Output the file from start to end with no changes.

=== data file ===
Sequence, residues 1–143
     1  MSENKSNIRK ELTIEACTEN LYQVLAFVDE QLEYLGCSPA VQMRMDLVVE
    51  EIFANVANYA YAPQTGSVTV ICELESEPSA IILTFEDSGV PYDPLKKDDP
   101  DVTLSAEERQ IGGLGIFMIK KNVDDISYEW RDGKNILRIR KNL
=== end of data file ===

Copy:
Sequence, residues 1–143
     1  MSENKSNIRK ELTIEACTEN LYQVLAFVDE QLEYLGCSPA VQMRMDLVVE
    51  EIFANVANYA YAPQTGSVTV ICELESEPSA IILTFEDSGV PYDPLKKDDP
   101  DVTLSAEERQ IGGLGIFMIK KNVDDISYEW RDGKNILRIR KNL